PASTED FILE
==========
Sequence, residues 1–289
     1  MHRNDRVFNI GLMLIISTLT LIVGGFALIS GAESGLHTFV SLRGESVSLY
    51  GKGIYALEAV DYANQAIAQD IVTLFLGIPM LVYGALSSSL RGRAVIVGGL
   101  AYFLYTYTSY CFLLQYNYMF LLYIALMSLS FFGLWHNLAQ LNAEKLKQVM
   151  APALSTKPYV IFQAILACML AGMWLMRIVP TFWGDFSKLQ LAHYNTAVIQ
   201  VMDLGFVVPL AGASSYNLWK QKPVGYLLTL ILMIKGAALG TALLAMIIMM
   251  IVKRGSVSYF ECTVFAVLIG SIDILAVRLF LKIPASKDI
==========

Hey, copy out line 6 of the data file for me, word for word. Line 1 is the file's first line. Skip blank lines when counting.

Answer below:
   201  VMDLGFVVPL AGASSYNLWK QKPVGYLLTL ILMIKGAALG TALLAMIIMM